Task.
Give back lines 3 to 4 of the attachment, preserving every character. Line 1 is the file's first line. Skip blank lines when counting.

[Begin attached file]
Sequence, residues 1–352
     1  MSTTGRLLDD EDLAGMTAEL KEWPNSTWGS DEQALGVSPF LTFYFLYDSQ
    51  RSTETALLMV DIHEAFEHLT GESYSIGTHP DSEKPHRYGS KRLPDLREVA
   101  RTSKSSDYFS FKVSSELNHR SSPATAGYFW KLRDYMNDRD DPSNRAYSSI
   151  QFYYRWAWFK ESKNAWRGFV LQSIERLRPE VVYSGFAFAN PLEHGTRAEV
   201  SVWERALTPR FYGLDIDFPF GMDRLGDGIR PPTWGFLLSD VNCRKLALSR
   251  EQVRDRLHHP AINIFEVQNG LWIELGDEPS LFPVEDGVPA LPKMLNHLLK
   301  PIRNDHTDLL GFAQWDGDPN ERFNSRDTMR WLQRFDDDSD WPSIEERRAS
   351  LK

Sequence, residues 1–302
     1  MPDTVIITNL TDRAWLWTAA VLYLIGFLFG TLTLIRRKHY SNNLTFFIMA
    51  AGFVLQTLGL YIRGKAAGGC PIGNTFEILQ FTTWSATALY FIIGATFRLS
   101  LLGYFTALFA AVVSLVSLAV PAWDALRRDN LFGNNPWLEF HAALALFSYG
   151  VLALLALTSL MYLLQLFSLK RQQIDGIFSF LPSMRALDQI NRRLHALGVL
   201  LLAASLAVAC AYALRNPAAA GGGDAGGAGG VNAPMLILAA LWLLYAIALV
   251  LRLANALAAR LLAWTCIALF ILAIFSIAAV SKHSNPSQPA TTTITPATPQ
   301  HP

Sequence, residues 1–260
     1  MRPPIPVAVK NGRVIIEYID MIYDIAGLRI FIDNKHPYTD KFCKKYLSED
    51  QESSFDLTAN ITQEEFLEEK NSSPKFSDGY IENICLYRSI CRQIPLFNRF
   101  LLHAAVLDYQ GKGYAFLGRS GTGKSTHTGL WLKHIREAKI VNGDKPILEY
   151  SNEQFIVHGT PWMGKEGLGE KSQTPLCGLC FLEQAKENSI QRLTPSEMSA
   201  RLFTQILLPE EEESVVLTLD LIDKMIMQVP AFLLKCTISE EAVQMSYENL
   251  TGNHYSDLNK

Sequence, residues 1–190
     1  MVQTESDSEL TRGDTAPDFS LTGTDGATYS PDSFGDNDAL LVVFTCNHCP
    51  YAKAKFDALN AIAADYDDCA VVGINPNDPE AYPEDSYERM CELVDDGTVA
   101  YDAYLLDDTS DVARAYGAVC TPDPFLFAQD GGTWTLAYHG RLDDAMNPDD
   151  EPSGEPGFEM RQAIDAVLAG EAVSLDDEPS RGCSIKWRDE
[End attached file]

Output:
    51  RSTETALLMV DIHEAFEHLT GESYSIGTHP DSEKPHRYGS KRLPDLREVA
   101  RTSKSSDYFS FKVSSELNHR SSPATAGYFW KLRDYMNDRD DPSNRAYSSI